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How Wells Fargo's CEO Could Have Avoided His Senate Belly Flop


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The Census Bureau reported that median household income jumped 5.2% in 2015, and 3.5 million people rose out of poverty. The Washington Post called it “a spike that broke a years-long streak of disappointment for American workers.”

Bloomberg columnist Barry Ritholtz said that the numbers showed that the recovery from the Great Recession is finally taking hold. “Unlike in recent years, when much of the gains went to an increasingly narrow group at the top of the economic strata, last year’s improvements were broad and deep.”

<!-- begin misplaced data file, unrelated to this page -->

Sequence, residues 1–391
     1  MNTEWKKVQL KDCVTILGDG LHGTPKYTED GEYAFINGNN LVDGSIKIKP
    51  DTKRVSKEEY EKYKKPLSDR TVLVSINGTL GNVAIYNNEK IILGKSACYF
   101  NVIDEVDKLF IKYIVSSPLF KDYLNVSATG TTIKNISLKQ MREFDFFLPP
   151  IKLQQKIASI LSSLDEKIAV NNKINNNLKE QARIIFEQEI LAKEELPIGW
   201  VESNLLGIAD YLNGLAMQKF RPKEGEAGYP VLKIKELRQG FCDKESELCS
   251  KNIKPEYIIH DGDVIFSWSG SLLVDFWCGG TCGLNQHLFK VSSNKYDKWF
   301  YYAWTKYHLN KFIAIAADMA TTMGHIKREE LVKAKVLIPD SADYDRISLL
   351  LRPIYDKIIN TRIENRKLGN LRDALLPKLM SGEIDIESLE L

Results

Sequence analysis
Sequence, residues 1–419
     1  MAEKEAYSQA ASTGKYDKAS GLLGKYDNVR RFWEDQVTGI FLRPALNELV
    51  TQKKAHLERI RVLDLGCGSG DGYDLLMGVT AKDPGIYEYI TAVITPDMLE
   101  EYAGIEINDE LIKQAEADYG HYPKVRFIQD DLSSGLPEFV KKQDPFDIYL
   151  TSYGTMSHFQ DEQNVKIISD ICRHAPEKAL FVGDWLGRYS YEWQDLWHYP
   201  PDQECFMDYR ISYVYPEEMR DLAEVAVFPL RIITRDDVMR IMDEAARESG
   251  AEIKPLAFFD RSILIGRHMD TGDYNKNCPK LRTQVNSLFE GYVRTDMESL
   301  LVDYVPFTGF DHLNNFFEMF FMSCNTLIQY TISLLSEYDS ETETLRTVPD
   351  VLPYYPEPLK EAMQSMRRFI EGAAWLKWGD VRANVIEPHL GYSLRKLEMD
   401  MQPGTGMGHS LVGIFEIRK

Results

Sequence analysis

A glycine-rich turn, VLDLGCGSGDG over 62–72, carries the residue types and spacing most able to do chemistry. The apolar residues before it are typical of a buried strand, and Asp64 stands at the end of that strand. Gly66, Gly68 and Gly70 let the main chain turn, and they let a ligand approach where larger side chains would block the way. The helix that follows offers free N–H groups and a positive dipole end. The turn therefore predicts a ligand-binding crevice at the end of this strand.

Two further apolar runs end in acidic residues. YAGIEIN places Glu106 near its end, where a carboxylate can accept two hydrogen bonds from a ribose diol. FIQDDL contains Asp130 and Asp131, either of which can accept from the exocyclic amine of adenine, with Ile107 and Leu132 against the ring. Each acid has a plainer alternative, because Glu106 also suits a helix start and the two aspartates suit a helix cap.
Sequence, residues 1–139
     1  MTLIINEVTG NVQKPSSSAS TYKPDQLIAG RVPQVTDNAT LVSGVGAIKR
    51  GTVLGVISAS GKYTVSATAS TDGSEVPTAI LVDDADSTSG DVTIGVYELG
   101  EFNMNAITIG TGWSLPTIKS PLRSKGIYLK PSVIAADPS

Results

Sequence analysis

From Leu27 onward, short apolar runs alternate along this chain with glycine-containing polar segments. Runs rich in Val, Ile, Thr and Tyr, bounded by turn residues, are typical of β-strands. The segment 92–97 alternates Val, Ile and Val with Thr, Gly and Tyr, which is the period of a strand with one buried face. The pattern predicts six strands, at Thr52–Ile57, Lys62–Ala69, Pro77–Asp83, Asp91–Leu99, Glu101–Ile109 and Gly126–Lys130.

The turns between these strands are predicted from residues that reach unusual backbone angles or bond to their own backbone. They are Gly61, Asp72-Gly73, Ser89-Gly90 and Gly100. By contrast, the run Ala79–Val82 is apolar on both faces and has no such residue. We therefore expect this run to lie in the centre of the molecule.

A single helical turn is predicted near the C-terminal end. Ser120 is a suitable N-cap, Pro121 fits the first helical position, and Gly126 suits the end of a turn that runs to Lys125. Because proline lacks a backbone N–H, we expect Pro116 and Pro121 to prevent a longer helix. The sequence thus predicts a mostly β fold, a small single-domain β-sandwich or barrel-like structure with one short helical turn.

The New York Times noted the “eye-popping improvement in economic fortunes” but put it in context: “real incomes of most American households still are smaller than in the late 1990s. And large swaths of the country—rural America, industrial centers in the Rust Belt and Appalachia—are lagging behind.” A few days later, though, the Times said that a reported finding that incomes had actually fallen in rural areas was wrong, a result of a definitional change; incomes rose 3.4% in rural areas in 2015.

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Paul Tepfenhart
Senior Director, Private Brands, Walmart

Anjani Jain
Anjani Jain
Senior Associate Dean for the MBA Program & Professor in the Practice of Management

Ismail Odeh
Vice President, Group Compliance, Global Investment House

Lori Lucas
Executive Vice President and Defined Contribution Practice Leader, Callan Associates

Byron Brown
Mayor of Buffalo, New York

Deborah S. Davis
Professor of Sociology, Yale University


Brande Stellings YC '89
Vice President, Advisory Services, Professional Services Practice at Catalyst

Kevin D. Gray
Lecturer in the Practice of Real Estate

Jim Matheson
CEO, Oasys Water